On top of this, the Big Five owned controlling stakes in theater chains, which were exempt from block booking, and therefore would only show the best, most commercially successfully and high-quality films. This cut into the business of theaters lashed to the block system.
War Was Big Business For The Studios
World War I led to a boom in the American film industry. The public wanted stories to escape from their lives, yet also craved news from the front, which theatrical newsreels provided. Public demand led to technological advances, while Hollywood’s competition, European cinema, had a hard time getting much done with all the fighting going on.
Hollywood stars were also a huge part of the war effort during WWII. Bette Davis headed up the Hollywood Canteen, where stars like Frank Sinatra, Rita Hayworth, Cary Grant, Joan Crawford, Judy Garland, Humphrey Bogart, and Shirley Temple served and entertained the troops.
Clark Gable, Jimmy Stewart, Marlene Dietrich, and Leslie Howard even joined the armed forces, and Dietrich was awarded the Presidential Medal of Freedom.
The Hays Code Was A Self-Censorship System Created To Avoid Federal Interference
Formally known as the Motion Picture Production Code, the Hays Code was put in place in 1930, but wasn't strictly enforced until 1934. The code was a way for the studios to self-censor in answer to the government’s threat to ban films the public might deem offensive or morally unacceptable.
Pre-code films were far racier and more tolerant than post-code films. Sexuality, nudity, feminism, and gay characters were part of the cinematic landscape before the code was enforced. Will H. Hays was president of the Motion Picture Producers and Distributors of America when the code was adopted, hence the name, but it was more closely associated with Joseph Breen, who was appointed by Hays to enforce it.
The code drastically changed American cinema by banning sex, pregnancy, and promiscuity, upholding the sanctity of marriage, and adding twin beds in the budoir. The code also banned biracial relationships and gay characters. Villains couldn’t get away with murder. Violence was toned down or sanitized.
The American happy ending was born. Meanwhile, in Europe, characters had angst, were betrayed, and pondered real-life issues where a happy ending was never guaranteed. The upside of the Hays Code? It created snark. Many took direct shots at the code, mocking it outright.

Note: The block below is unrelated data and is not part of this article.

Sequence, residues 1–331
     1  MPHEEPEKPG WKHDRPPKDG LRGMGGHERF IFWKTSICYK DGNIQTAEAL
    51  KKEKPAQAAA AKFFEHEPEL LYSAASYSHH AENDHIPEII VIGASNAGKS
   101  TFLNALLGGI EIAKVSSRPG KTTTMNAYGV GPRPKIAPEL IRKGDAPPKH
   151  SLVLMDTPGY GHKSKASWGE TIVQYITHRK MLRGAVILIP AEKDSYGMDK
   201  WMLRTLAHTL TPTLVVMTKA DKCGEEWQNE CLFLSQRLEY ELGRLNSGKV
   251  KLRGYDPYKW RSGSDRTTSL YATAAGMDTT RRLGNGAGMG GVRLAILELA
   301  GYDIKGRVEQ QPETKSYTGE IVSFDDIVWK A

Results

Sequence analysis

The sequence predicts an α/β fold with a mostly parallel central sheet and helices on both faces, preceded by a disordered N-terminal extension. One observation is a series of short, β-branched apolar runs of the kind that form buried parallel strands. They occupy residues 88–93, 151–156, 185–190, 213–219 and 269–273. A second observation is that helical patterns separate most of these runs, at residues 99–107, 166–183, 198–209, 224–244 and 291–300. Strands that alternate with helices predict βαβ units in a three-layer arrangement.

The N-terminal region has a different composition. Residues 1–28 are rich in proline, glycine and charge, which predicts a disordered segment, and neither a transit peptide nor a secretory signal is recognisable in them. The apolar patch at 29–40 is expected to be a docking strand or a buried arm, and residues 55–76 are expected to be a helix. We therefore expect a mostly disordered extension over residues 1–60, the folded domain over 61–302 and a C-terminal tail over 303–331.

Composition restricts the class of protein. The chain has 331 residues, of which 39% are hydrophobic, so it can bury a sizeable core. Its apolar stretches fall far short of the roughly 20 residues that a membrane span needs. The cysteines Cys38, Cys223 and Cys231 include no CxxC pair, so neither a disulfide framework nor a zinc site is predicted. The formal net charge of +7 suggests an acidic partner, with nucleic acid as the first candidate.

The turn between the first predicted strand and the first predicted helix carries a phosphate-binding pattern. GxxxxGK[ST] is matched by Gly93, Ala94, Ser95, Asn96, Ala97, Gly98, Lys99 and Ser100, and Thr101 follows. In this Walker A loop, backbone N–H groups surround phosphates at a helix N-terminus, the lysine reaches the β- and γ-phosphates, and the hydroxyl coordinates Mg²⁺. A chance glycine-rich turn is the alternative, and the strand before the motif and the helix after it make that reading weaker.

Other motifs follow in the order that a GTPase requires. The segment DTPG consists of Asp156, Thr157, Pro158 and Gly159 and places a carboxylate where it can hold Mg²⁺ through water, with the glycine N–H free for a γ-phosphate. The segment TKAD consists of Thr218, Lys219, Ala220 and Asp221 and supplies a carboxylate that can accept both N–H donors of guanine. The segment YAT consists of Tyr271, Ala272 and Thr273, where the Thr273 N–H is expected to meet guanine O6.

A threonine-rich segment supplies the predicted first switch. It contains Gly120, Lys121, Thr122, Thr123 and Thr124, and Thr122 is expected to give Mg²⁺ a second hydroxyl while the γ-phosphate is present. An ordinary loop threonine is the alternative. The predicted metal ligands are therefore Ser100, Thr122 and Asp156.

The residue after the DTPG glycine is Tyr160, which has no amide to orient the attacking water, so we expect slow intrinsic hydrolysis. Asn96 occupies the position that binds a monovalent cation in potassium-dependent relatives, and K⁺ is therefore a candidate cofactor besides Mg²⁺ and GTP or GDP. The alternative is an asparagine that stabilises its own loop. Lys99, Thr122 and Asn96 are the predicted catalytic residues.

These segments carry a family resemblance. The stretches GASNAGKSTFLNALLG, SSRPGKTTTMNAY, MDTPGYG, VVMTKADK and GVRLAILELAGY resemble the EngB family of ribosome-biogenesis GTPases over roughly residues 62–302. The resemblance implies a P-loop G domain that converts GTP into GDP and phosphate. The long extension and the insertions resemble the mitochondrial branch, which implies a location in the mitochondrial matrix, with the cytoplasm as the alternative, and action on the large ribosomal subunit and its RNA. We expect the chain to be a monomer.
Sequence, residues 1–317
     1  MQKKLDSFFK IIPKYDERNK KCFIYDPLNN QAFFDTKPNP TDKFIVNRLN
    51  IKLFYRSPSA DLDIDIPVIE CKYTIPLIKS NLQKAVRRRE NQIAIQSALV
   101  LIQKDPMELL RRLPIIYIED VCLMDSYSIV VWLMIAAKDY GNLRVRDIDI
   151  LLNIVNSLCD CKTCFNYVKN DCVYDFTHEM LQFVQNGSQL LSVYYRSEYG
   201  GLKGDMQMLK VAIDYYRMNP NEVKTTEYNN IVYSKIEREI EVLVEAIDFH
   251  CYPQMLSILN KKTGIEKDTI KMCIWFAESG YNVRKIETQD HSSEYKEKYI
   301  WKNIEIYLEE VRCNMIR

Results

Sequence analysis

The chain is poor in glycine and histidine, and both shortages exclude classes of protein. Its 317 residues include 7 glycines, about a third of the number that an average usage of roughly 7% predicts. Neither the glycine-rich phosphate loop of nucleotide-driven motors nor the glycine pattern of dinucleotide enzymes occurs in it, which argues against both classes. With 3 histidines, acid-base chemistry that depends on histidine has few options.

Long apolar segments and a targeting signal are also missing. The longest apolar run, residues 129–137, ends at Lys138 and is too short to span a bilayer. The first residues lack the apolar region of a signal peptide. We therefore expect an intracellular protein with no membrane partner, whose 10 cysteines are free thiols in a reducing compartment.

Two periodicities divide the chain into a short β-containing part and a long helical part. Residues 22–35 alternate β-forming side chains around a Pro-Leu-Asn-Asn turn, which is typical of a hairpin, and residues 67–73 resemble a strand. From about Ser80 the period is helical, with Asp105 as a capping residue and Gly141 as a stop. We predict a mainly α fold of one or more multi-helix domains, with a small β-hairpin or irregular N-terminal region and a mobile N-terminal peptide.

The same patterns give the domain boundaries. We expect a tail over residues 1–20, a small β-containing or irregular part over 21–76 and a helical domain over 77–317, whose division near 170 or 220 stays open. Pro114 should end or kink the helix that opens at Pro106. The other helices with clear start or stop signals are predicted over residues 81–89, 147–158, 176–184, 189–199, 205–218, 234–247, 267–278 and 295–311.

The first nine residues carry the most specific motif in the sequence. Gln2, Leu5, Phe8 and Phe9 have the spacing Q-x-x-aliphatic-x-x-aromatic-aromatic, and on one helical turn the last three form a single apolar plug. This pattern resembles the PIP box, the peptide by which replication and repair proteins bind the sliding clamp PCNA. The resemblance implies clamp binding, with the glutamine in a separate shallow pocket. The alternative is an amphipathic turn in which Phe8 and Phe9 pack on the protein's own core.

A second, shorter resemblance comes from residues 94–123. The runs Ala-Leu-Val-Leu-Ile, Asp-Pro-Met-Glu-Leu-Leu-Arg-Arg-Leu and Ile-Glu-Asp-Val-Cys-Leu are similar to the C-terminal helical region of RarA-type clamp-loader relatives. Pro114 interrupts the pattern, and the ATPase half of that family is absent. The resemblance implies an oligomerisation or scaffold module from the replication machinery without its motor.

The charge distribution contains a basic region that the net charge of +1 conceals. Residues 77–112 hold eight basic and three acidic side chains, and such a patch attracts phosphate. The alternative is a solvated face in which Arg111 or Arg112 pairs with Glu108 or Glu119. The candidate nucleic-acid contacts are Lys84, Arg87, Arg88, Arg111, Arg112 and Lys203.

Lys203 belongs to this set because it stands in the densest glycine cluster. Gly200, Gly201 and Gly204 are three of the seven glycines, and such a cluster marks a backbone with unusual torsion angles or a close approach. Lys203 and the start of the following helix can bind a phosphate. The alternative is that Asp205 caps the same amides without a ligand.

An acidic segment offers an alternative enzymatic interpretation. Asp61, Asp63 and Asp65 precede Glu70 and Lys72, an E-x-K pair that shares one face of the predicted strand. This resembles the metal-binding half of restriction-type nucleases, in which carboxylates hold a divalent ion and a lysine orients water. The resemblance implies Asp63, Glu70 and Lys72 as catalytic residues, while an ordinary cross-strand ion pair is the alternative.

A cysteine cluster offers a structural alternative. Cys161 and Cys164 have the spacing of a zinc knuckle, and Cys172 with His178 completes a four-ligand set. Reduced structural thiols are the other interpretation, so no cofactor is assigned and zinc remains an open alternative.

The Talent Scout System Was Wide-Ranging And Ravenous
Hollywood talent scouts searched for fresh talent on Broadway, on the vaudeville circuit, and in radio. They were on the lookout for a fresh face just about anywhere, including the street.
In January 1937, a 15-year-old Julia Jean Turner was spotted drinking a soda outside of a shop in Hollywood after she ditched a typing class (by some accounts, it was The Hollywood Reporter founder William R. Wilkerson who spotted her, though it may have simply been a talent scout). She was approached and was later introduced to Zeppo Marx (who was an agent as well as an actor). With her mother's approval, she signed with his agency and was soon after cast in They Won’t Forget.
Turner was an instant success, not because of her talent (she had no lines and was killed off pretty quickly), but because of her tight skirt and chest-hugging sweater. Turner, who chose Lana as her first name, was known as the “Sweater Girl.”
Turner said of her studio years:
It was all beauty and it was all power. Once you had it made, they protected you; they gave you stardom. The ones who kept forging ahead became higher and higher and brighter and brighter and they were stars. And they were treated like stars. We had the best.